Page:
A decision which establishes the right of a person, who today has executed such a restrictive contract as here for a substantial consideration paid, to procure tomorrow a decree of court which effectively determines that no liability rests upon him under this contract and that he can keep the consideration he has received may well constitute a potent temptation to fraud and place a premium upon dishonesty. Accordingly, the decision of this case involves not only the question whether the terms of the contract itself were contrary to public policy but the further question whether to aid the plaintiffs by granting the relief sought violates the sound public policy of fostering rectitude and integrity and discouraging fraud and dishonesty in business dealings. It can hardly be maintained that honesty in business is any less the concern of public policy than is restraint against competition. See Smith v. David B. Crockett Co., 85 Conn. 282, 287, 82 A. 569. It is my conclusion upon the broad question of public policy involved that the importance of so fostering honesty rather than dishonesty far outweighs any possible adverse effect that might result to these plaintiffs by a judgment for the defendant.
The majority opinion recognizes that to sustain the judgment for the plaintiffs and thus enable them to escape the consequences of their acts "smacks of unfairness and savors of an encouragement to dishonesty." It cites no authority setting forth logical and convincing reason for granting affirmative relief by declaratory judgment under these circumstances but bases its reasoning on the principle that a defendant when sued upon such a contract may defend upon the ground of its illegality, because the objection on this ground "is founded in general principles of policy, which the defendant has the advantage of, contrary to the real justice, as between him and the plaintiff, by accident, if I may so say." Holman v. Johnson, 1 Cowp. 341, 343. Sustaining illegality as a defense, however, and recognizing it as a basis for affirmative relief are two very different things. That the former was the full extent of the principle enunciated by Lord Mansfield in the words just quoted is clear from this further language of his, which follows that relied upon by the majority: "So if the plaintiff and defendant were to change sides, and the defendant was to bring his action against the plaintiff, the latter would then have the advantage of it [the illegality of the contract]; for where both are equally in fault, potior est conditio defendentis." This limitation upon the principle has been recognized repeatedly by this court. Thus, after quoting from the above case with approval, we went on to say: "The law could not take any other position than that it will not lend its aid to either of the parties to an unmoral or illegal transaction, but will leave them as it finds them. . . . `The purpose of the rule of law . . . is . . . to deprive the parties of all right to have either enforcement or relief from their illegal contract. . . . The court . . . . simply refuses its aid to undo what the parties have already done.'" Funk v. Gallivan, 49 Conn. 124, 128. Again we stated: "Neither courts of law or equity are open to enforce such contracts. If both parties are in pari delicto, the courts will leave them where they find them." Smith v. David B. Crockett Co., 85 Conn. 282, 287, 82 A. 569. The majority opinion cites no decision of this court which either overrules or qualifies this language.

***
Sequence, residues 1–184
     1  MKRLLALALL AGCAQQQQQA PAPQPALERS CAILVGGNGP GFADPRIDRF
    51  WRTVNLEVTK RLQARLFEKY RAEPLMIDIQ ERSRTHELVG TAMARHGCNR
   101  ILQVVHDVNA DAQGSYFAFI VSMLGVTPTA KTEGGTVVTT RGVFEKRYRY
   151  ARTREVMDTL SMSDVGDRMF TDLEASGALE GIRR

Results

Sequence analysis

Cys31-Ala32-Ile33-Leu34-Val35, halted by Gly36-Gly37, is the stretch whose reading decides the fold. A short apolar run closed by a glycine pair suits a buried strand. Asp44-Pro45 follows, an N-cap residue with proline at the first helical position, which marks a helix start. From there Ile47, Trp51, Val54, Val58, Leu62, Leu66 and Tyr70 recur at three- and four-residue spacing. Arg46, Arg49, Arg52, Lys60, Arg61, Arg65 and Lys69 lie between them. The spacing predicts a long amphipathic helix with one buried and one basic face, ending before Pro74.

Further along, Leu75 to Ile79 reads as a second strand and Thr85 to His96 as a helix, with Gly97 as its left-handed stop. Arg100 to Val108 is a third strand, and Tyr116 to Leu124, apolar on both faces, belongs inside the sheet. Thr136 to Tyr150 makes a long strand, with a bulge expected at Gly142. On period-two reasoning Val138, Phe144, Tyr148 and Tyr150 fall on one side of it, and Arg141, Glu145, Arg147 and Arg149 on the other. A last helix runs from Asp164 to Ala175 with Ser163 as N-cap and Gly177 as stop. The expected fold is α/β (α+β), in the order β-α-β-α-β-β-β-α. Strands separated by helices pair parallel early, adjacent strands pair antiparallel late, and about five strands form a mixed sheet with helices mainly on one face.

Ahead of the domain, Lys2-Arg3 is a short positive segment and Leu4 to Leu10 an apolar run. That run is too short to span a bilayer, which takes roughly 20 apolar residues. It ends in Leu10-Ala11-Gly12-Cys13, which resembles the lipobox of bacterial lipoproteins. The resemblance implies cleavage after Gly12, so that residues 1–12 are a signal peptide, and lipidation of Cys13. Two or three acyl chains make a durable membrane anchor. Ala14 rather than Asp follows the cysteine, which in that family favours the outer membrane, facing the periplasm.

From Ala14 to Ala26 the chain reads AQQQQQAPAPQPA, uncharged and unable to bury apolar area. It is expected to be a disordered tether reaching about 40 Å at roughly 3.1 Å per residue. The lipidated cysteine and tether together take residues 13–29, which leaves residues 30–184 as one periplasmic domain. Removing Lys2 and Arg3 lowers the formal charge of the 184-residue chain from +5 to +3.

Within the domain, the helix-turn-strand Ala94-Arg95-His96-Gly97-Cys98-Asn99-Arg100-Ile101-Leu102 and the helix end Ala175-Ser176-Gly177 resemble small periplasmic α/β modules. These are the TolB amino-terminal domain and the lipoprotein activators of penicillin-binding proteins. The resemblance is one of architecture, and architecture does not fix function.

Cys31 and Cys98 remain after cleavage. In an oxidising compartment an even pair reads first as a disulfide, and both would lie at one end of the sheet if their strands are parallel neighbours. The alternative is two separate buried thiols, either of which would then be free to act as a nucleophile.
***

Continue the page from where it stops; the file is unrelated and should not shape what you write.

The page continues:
To my mind, the reasoning in the majority opinion that the rule of in pari delicto does not bar recovery by these plaintiffs, since they are not seeking to enforce but only to avoid the restrictive covenants, is strictly legalistic and entirely unrealistic. In my judgment it cannot be fairly maintained that this rule is inapplicable for the reason that an action for a declaratory judgment is not one seeking affirmative relief. Such a judgment, in the present case, not only affords as effective affirmative relief as could be had in an equitable action for rescission or cancellation but furthermore accomplishes the exact result which the doctrine of in pari delicto is designed to prevent. In fact, it nullifies the provisions of the contract and relieves the plaintiffs of all their obligations not only as effectively and affirmatively as a decree of rescission or any other remedy could but in terms more advantageous to them. This being so, that the judgment, as the majority opinion states, would enable the plaintiffs to resume business in the forbidden area and the parties would not be "left in uncertainty as to their rights, with the ultimate solution only to be reached when the plaintiffs have incurred expense in starting a business and the defendant has brought an action for an injunction or damages" shows no ground for sustaining it. For the reasons already pointed out, it would be more in keeping with sound public policy to permit to continue operative whatever restraint upon the plaintiffs' activities their uncertainty as to the contract's validity might afford. The majority opinion, in arguing justification for a declaratory judgment, cites three authorities as suggesting that "in a proper case" affirmative equitable relief may be accorded a plaintiff where a question of this nature is involved. Even if the rule laid down in the two Connecticut decisions quoted above is to be disregarded, the case before us could not be "a proper case," for the reasons already stated.
For these reasons I conclude that there was error and that judgment should be directed for the defendant.
In this opinion ELLS, J., concurred.